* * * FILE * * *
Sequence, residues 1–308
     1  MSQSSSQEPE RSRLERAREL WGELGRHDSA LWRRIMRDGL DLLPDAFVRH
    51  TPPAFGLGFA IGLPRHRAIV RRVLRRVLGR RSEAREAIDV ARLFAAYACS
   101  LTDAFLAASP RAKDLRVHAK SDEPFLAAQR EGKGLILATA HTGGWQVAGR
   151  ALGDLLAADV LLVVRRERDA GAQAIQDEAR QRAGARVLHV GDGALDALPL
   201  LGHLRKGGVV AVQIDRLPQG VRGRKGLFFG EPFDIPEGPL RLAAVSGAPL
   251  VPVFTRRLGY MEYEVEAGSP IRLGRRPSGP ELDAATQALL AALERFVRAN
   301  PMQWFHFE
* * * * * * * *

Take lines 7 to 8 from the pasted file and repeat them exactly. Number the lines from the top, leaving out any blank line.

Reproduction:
   251  VPVFTRRLGY MEYEVEAGSP IRLGRRPSGP ELDAATQALL AALERFVRAN
   301  PMQWFHFE